There are 120 counties in my state, thousands of people in those counties. These people are divided within social classes, within their families, even within themselves.

I have an aunt who went to the polls to vote for one candidate and voted for the other. She took the election very seriously, but when I asked her why she switched at the last minute, she replied with consternation,
“I don’t know.”

I interviewed a former exotic dancer, now turned evangelical Christian. Kerry supporter. Her church welcomes open homosexuals into their congregation.

I spoke to several Sierra Club members, an openly gay minister, an enclave of left-thinking writers, who actively canvassed for the Democrats based on their desire to protect the environment, civil liberties, the arts.

One farmer said he voted for Bush because of the estate taxes, while another, who voted for Bush in the last election, said he voted for Kerry this time around because he is “not completely uninformed.”

When I playfully accused one farmer of voting Republican, he replied in low-key Clint Eastwood whisper,

“Now, you may not have done all your homework.”

I talked at length with a lesbian couple who had recently celebrated their 17th Anniversary. They had spent the months leading up to the election canvassing door-to-door to defeat the marriage amendment. With their friends, they helped raise the NO BAN vote dramatically in their county.

At the annual Christmas dinner, thirty or so members of my mother’s extended family participated in a candle-lighting ceremony. Among those gathered -- my Uncle, a member of George Bush’s inauguration committee/ his daughter, a Washington attorney who flew to Arizona to work for the Kerry campaign/ my cousin, a corporate businessman with dollar signs in his eyes who was very pleased by the election results/ an unemployed uncle/ a cousin who cares about nothing except UK basketball/ an aunt who is a visual artist furious about the rampant government spending while cutting funding for the arts. Our host closed the prayer with a blessing for the troops fighting for “freedom.”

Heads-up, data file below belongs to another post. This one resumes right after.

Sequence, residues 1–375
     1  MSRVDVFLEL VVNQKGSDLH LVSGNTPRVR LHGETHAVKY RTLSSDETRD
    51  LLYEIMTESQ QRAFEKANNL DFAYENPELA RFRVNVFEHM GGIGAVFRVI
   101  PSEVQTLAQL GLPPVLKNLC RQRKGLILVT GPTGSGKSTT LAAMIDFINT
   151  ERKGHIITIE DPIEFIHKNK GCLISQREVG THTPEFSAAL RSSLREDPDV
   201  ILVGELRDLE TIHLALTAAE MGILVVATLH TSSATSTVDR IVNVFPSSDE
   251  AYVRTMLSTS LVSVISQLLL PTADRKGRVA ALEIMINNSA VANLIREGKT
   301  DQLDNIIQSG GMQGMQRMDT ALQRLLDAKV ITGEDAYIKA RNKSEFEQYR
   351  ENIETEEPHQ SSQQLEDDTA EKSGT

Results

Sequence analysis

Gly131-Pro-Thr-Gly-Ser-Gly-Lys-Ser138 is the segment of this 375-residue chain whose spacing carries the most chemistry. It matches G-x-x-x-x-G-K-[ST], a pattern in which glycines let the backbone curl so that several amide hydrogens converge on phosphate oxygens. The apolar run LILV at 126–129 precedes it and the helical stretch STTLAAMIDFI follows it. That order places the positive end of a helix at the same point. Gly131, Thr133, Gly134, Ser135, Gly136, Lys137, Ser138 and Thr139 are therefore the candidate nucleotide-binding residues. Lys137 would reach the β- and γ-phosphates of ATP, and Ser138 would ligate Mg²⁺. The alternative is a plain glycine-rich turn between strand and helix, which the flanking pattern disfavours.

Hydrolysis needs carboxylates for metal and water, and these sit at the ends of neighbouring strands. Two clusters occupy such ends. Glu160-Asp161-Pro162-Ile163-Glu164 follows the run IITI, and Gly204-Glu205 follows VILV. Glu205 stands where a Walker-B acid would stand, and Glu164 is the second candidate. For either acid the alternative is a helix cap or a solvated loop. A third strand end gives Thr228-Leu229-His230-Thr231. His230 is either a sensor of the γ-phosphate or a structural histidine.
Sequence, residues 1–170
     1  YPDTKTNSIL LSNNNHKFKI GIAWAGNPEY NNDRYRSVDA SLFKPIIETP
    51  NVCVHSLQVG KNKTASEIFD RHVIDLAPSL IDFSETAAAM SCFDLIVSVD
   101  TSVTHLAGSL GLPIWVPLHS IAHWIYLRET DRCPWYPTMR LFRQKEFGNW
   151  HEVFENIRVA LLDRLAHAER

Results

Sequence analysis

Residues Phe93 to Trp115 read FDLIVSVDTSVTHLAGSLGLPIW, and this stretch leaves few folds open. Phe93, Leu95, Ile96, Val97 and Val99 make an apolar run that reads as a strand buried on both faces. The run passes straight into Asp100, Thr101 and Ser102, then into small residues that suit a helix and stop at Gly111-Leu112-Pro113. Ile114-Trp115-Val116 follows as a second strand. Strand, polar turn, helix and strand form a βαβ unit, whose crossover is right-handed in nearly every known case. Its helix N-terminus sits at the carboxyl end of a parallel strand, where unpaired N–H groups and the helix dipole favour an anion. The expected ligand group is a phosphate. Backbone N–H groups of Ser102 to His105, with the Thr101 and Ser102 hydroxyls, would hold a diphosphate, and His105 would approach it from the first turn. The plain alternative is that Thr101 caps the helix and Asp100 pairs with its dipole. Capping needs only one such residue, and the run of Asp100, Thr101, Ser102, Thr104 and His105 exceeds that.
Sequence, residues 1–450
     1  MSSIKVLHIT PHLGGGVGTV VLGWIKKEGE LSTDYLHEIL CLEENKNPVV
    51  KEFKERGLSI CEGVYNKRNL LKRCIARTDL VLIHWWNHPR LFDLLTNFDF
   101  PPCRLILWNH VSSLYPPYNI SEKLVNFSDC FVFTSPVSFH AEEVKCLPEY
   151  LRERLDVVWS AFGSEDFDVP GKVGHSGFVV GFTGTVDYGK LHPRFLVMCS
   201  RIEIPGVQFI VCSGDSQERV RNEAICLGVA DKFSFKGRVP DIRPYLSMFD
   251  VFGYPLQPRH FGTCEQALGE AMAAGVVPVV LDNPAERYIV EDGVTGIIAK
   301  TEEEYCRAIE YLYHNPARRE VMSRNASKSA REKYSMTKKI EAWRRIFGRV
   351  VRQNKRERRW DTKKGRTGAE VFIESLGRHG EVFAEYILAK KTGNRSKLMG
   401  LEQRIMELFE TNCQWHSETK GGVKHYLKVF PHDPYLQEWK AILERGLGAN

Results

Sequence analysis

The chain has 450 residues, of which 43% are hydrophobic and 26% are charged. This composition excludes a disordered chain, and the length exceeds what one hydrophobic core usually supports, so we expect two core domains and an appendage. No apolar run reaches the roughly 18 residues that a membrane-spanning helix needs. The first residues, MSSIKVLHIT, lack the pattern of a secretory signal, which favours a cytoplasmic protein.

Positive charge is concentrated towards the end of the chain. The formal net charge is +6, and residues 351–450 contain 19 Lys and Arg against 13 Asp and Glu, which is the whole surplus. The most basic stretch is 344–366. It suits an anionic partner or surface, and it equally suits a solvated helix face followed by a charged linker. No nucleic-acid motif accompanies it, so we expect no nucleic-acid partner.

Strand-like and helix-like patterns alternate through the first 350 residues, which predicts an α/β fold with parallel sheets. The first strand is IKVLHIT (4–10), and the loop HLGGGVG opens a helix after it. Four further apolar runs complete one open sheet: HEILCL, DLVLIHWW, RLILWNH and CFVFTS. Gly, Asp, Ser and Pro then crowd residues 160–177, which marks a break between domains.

The mood was jovial that night, but by New Year’s Eve, our manners had flagged. I ended up in a fight with two of my uncles, one of whom called me a fool and stormed out, slamming the door of my grandmother’s house where I’d spent most of my childhood. I opened the door and yelled, “We’ll never understand each if we don’t listen.” I then added, and this was uncalled for, “Why don’t you turn off the sports channel and read a decent newspaper?” When I closed the door, my other uncle lit into me, attacking me personally for nearly an hour while his wife silently looked on. We had veered from a political discussion, to a disturbing repetition of the pathology in my family√¶ strong women who marry weak men whose egos they protect. I had broken a code, questioned the men. I was alone.